But further than denouncing what she sees as a contemporary absurdity, what Jenkins appreciates the most is raising people’s awareness by catching them off-guard.
“Craftivism is not just sewing. It’s respecting and honouring techniques that women have developed over centuries, and showing that because women do them doesn’t equal that they are not worthy of attention,” asserts Jenkins. “Craft imbues you with power because you’re forced to contemplate the issue you’re addressing. It’s very reflective in a sense of when you put that message out into the world, people know you must really care because you’ve devoted that much time to it.”
Since the inception of Craft Cartel, Jenkins has been organising workshops with themes like Embroidery Porn and Free Pussy Riot; the latest seeing participants crafting beard masks or balaclavas as a tribute to Russian all-girl band Pussy Riot and Parisian feminist collective La Barbe. Although these workshops featured guest artists teaching basic techniques and supply materials, some criticisms mentioned a lack of skills.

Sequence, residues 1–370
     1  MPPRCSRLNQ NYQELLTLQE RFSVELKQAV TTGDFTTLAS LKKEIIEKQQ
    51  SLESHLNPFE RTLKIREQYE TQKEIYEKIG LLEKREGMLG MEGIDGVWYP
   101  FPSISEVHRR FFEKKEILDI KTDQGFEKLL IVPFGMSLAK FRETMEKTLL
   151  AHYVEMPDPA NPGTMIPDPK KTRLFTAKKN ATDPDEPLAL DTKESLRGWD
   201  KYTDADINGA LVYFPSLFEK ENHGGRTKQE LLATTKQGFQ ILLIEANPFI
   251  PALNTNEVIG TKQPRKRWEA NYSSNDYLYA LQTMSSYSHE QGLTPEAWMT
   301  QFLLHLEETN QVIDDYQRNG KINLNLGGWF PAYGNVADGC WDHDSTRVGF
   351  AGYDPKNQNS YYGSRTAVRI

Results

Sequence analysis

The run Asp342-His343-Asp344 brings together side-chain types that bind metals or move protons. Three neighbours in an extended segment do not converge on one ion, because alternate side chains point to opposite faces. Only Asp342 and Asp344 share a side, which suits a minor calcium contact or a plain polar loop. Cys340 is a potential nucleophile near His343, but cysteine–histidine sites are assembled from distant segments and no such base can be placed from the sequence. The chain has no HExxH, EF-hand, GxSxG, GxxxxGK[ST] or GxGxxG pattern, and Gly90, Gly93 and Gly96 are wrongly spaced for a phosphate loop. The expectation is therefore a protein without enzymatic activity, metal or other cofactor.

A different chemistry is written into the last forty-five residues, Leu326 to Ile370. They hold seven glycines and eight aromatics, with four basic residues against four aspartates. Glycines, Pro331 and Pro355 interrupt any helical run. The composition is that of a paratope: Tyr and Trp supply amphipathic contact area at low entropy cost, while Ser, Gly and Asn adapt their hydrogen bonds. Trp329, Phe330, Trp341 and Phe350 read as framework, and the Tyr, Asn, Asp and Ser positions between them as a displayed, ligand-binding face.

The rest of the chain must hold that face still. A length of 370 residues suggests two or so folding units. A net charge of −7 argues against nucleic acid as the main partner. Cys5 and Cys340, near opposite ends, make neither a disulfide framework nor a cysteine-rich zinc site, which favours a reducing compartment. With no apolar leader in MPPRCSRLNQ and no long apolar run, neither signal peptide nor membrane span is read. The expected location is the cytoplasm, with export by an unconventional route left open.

“It’s more about people having fun and a go at a really introductory level. It makes it more accessible because anyone can do this. It’s also empowering in a way that sometimes people feel reluctant to express themselves or feel that they don’t have creative abilities, but in the end they do something they’d not expect of themselves.”
Having also held events less related to feminist issues – like an Anti-Gentrification Festy Festival to protest the closure of some inner city artistic venues – Jenkins’ field of action proves quite wide. Nevertheless, her flagship struggle since she started Craft Cartel has more to do with the female genitalia, or, put simply, cunts.
“The fact that it’s considered the most offensive word in the English language is a real marker of the time that we’re living and of the society’s attitude towards woman. There’s nothing possibly negative about it. It’s just a deep, warm and delightful part of the female anatomy. I can’t even discuss that in the media because it’s censored, so I wanted to take it to the street with the Cunt Flings-up workshop.”